The Chemistry of Smell

Rui M.

Life in NYC is not easy. One of the biggest problems is the food. Of course, I can eat out a few times since the city is filled with wonderful restaurants. But as living becomes more and more expensive, I have to force myself to eat at home. Cooking is a real challenge, especially since my spice tolerance is terribly low; I can’t eat food with a strong smell (I think this is a good explanation for why I’m a cheese and garlic hater, but people still think of me as a “weirdo”). My oldest and probably only friend, D, never understood my own personal preferences about food. After she cooked for me this afternoon, my whole apartment ended up with some interesting smells – the smell of garlic and camembert. Of course I know she did it on purpose!

Why do camembert and garlic have such mysterious smells? I found a blog that gave me the perfect answer to my question, although it was sometimes so academic that I couldn’t understand a word. The blogger suggested that camembert has such a strong smell because of the wide range of compounds that are produced during the ripening process. The chemicals with scary names include dactyl, which makes the cheese buttery, methanol, which gives the cheese the smell of boiled potatoes, methanethiol (the smell of cabbage), and 1-octen-3-one (the smell of mushrooms). I guess I can stand the smell of each chemical in isolation, but after they are mixed up, all I want to do is stay as far away as I can.

However, that’s not the whole story about camembert.  There is another compound that makes it even more unbearable: ammonia. This compound is produced by the deamination of amino acids and its amount increases as the camembert becomes ripe. So as time passes, the smell may become unexpectedly strong and then no one can bear it–not only me.

Similar to camembert, garlic has its own chemical contributors that lead to its unique smell, including diallyl disulfide, allyl methyl sulfide, allyl mercaptan, and methyl disulfide. These compounds are absorbed and passed into the bloodstream, and then passed on to other organs. The compounds travel through the body and are eventually excreted though the skin and breath. These compounds are what cause  “garlic breath”. Allicin, on the other hand, is a chemical that is responsible for the smell of chopped garlic. This compound is formed when the garlic clove is damaged and the enzymes break down alliin, which eventually becomes allicin.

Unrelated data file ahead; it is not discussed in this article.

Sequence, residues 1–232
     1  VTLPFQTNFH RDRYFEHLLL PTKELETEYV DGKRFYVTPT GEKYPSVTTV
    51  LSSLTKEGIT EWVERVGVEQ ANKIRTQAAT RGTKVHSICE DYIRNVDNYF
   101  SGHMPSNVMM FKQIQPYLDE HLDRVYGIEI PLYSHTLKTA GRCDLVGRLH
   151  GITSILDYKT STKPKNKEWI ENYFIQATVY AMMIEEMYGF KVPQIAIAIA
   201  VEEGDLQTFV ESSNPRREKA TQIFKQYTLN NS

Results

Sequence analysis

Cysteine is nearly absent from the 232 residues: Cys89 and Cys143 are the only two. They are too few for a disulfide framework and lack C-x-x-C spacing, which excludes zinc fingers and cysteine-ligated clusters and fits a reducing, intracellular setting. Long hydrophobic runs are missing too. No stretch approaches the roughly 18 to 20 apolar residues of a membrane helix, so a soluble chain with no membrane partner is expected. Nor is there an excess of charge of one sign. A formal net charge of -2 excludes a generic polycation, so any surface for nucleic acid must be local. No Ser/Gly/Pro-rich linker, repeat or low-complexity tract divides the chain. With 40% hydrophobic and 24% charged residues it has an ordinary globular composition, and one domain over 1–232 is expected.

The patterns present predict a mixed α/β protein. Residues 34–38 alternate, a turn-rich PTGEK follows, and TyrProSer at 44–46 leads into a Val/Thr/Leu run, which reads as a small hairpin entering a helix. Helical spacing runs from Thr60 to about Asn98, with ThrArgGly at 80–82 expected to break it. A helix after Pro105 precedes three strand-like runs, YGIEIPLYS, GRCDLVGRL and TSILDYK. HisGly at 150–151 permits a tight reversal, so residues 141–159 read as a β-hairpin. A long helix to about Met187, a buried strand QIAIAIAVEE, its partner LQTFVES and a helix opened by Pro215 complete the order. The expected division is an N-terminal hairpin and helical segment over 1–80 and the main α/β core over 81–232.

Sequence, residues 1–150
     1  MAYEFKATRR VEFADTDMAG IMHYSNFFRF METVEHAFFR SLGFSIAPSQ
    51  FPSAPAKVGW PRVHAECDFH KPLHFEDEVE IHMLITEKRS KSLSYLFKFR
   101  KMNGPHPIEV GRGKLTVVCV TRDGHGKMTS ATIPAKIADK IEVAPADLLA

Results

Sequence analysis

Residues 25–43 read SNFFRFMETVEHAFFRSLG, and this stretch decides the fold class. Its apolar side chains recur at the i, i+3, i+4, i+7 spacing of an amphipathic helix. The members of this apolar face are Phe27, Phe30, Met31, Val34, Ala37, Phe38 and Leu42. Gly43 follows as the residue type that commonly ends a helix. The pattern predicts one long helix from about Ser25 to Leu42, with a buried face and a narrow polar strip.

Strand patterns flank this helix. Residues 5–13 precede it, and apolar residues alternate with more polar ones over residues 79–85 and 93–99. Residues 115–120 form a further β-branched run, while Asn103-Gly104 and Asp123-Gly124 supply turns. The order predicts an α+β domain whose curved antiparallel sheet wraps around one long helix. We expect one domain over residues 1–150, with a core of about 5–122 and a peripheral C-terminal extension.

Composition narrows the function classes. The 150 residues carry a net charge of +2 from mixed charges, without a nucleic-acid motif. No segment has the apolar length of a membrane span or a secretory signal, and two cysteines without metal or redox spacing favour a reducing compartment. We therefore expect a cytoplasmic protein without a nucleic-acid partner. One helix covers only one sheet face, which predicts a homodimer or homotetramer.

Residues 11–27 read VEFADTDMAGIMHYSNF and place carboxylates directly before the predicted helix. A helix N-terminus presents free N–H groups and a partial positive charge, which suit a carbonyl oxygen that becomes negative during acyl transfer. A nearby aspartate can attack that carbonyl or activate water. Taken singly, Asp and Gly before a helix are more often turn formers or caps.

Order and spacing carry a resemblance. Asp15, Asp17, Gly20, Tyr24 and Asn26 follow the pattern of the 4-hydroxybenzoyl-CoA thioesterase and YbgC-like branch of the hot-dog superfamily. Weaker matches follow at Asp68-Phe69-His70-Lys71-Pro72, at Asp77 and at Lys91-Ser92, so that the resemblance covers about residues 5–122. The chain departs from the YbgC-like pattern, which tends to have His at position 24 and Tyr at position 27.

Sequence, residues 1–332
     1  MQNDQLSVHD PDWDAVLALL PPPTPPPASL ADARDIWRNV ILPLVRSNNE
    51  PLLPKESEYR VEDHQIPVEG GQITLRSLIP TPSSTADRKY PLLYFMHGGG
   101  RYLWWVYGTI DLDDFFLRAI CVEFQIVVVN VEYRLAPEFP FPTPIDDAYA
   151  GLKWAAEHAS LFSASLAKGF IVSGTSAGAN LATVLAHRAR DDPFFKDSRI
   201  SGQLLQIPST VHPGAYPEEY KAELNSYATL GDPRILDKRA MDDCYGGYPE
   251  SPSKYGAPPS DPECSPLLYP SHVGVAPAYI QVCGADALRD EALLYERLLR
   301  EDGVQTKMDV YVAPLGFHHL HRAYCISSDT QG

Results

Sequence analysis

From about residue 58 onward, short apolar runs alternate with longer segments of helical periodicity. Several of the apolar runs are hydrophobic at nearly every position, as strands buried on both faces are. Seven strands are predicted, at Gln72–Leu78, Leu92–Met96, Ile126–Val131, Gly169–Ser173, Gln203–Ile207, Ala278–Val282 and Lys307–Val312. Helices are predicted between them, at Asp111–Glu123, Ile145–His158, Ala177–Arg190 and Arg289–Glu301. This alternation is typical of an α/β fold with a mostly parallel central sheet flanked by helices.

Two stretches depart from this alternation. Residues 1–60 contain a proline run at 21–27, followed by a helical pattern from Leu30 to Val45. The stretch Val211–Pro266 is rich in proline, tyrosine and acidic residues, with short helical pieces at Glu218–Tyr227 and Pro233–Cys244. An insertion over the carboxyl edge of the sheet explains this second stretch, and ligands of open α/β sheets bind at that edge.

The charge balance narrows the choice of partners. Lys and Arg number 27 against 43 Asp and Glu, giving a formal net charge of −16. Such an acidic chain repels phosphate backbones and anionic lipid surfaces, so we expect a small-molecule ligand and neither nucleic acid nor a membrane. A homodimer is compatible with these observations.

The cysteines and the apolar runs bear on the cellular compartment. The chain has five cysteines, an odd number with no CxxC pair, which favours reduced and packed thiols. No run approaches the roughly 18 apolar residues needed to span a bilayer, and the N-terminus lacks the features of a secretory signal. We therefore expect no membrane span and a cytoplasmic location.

Although I hate the smell of garlic, I understand that many people love it. So I have  good news for people who love garlic dishes but worry about garlic breath: there are plenty of foods that can reduce garlic breath. For example, milk, apples, parsley, and mint can all help. However, the mechanism behind this reduction still remains unclear. Some researchers think that chlorophyll, which is usually found in vegetables, is the main contributor to this reduction effect. Other researchers do not agree with this hypothesis. They suggest that an enzymatic action is the main reason, since enzymes break down most of the organosulfur compounds. Hope our future chemists can solve this problem one day.

Obviously, the smell of camembert and garlic, no matter whether I like it or not, is all about chemistry! So choosing food is like choosing the correct chemicals:  each individual has his or her own preference. Some people prefer the strong smell of onions while others prefer the faint aroma of apples. Chemicals are the contributors! Chemistry is found everywhere in the world, but most people simply ignore it (OK, I have to admit that I’m one of them). After I read the chemist’s blog, I was attracted to this study of compounds. I decided to apply to a college and study chemistry from now on. Fantastic decision, right?

Friends, it’s time for dinner. D is mad at me right now. Hopefully, I’ll post more interesting facts about chemistry later. See you next week!

References:

The Chemistry of Camembert

What Compounds Cause Garlic Breath? – The Chemistry of Garlic

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